IMHO the integrity of the shielding is what matters. Without shields, RFI and EMI and black-brick switching-requlator spikes are aggressors into and onto the audio.
Foil may be best, but foil is fragile.
Thus multi-layer woven copper-braid [many small wires in the braid, dense enough to block the passage of light] shields should be your goal.
Been working with a guy on piezo-sensors, located a couple meters from the signal conditioning analog-circuitry. He uses 16KHz LPF into buffers, and then 5KHz LPF into the ADC sampling Vin, with that final large capacitor providing the ADC sampling surges.
His usual noise floor, using a 60Hz nulling algorithm to reduce/remove power-line electric fields, is about 1/2 a quanta of 4,096 levels with 0/3.3 volt ADC range.
Thus the RMS is 3.3/8192 or about 400 microVolts RMS, with 2 meters of shielded cable between sensors and analog circuitry.
The "laboratory environment" includes numerous black-brick power supplies, and some unused old computers with metal cases that show 180 degree phase-shift of the 60Hz; a DVM shows 200+ volts between these unused computers and the analog circuitry/sensor returns.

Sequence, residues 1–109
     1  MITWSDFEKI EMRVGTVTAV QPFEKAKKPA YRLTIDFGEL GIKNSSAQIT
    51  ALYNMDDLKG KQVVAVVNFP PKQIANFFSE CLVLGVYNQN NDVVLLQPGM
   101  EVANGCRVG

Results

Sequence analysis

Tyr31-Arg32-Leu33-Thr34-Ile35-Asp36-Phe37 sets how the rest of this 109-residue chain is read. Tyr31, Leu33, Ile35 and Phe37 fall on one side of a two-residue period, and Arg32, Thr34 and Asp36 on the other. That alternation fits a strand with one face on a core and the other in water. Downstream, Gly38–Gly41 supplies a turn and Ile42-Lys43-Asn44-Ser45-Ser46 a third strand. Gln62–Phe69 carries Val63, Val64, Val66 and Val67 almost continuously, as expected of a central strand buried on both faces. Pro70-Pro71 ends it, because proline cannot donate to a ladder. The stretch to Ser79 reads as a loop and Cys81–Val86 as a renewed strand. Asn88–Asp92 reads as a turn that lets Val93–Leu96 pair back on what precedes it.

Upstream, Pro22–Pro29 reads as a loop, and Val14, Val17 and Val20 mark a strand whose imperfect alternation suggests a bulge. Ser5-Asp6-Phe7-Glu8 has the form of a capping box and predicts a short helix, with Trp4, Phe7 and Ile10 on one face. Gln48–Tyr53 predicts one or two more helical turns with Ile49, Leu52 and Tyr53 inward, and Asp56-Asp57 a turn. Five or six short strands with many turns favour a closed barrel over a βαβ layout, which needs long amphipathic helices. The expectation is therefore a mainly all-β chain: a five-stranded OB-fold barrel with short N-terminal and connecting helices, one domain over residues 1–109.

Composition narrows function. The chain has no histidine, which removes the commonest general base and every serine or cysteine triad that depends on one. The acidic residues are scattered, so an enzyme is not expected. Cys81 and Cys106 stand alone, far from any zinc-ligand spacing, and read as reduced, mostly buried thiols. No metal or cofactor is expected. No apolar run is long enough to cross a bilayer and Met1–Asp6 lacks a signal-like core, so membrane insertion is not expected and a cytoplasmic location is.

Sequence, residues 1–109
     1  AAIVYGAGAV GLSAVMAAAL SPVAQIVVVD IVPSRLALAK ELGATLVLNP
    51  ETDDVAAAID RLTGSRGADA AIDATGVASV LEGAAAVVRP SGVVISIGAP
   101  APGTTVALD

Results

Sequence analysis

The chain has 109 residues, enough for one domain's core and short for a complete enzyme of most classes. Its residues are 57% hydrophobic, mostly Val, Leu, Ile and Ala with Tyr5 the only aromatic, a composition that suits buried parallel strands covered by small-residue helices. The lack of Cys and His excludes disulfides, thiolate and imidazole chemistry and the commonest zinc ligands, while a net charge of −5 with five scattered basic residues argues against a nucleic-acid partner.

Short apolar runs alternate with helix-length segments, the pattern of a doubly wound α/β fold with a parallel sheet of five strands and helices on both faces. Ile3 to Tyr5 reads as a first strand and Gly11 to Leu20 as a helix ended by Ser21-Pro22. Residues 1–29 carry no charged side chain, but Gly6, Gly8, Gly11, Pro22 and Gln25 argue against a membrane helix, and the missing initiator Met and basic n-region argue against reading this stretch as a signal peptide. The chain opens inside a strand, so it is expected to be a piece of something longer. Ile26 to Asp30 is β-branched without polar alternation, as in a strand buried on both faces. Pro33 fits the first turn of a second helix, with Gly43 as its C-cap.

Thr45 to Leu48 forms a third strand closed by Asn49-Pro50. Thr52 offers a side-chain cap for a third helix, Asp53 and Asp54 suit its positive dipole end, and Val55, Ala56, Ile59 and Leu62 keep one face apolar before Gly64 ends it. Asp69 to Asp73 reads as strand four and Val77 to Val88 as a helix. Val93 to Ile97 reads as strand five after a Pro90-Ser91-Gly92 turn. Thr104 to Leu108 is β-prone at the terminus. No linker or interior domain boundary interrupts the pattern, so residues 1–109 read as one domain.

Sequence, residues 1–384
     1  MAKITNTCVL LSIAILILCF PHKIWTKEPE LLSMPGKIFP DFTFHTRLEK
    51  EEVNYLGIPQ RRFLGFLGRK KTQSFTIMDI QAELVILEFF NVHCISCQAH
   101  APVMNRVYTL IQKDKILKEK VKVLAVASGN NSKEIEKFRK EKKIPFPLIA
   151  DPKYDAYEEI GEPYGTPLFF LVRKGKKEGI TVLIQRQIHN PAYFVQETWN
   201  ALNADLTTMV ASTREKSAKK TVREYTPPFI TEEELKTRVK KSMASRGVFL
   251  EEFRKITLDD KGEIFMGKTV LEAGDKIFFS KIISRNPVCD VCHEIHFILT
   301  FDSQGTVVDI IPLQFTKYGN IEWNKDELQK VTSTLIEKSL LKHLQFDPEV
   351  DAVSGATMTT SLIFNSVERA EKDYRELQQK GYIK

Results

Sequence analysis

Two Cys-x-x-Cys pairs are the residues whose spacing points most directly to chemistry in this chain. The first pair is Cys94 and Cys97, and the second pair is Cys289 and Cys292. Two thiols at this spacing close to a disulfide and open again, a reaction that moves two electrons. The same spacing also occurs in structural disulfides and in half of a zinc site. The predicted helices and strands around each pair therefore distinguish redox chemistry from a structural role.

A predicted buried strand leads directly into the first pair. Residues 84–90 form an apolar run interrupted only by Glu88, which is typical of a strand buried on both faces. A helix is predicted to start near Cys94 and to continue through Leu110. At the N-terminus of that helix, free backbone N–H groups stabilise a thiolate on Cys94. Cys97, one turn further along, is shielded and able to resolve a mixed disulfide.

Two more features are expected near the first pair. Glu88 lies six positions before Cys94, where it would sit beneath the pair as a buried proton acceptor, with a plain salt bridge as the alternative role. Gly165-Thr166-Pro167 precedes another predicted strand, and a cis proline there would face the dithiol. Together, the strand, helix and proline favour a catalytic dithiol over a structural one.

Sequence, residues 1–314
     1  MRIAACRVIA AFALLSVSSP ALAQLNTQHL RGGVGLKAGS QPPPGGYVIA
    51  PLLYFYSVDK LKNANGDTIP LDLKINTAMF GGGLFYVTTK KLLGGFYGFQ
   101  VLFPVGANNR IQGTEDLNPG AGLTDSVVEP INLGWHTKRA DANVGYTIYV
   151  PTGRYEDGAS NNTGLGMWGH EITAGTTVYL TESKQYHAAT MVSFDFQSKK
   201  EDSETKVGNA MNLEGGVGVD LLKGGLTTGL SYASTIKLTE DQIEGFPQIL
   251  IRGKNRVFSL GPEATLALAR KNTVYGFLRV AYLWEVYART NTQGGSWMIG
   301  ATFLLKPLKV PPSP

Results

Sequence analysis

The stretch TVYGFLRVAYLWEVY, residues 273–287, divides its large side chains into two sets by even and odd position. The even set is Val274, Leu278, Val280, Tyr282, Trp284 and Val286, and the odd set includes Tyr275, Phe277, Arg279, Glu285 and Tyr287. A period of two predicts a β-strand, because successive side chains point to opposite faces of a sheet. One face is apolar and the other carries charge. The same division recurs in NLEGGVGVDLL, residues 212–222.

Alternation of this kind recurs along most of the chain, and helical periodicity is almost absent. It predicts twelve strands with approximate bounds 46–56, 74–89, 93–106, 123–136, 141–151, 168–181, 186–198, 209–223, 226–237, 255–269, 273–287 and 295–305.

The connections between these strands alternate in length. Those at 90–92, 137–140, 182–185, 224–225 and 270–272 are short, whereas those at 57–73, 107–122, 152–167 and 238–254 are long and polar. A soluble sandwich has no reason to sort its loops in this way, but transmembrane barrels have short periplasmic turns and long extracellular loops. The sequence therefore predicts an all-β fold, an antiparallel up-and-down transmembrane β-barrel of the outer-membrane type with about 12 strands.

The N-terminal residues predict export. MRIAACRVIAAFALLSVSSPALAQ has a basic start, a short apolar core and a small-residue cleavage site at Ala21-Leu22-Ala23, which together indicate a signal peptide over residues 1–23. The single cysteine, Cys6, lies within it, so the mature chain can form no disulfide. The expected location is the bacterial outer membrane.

Forgot --- here are several 2Ghz and 5GHz Internet Routers, about 6 feet away. I've carefully encouraged use of passive RC LPFs (15KHz and 5KHz) to reduce high frequency energy into the opamp buffer which might overload input-diffpair isolation-diode junctions; for these LPF's to be effective, the impedance of the LPF's shunt element, the capacitor, has to be low inductance with the capacitor's RTN node tightly wired to input-signal's RTN as well as the output (filtered) signal's RTN).
Thus a comprehensive approach to protecting your audio signal cleanliness is your task:
1) cabling, with densely-woven multiple-layer copper braid shields
2) cable connectors to/from the circuitry, with very short connector--PCB transitions to minimize that loop-area (magnetic field pickup)
3) filtering, to exclude RFI
4) proper use (skilled use) of mechanical structures (planes and cases) to ensure the interference must attempt to pass thru filters, and not be easily routed around the filters
I recall a discussion about a transistor preamp, where a capacitive-path exited from the OUTPUT pin all the way back to the INPUT transistor; the product reviewer showed (by testing) the injection of AM_RF energy into the OUTPUT pin would cause intermodulation (rectification) in the input transistor. Other preamp designs (this was RIAA phono preamps) did not have that capacitive topology, and those other preamps had BETTER reputations in the marketplace. An output RFI filter would have made the difference.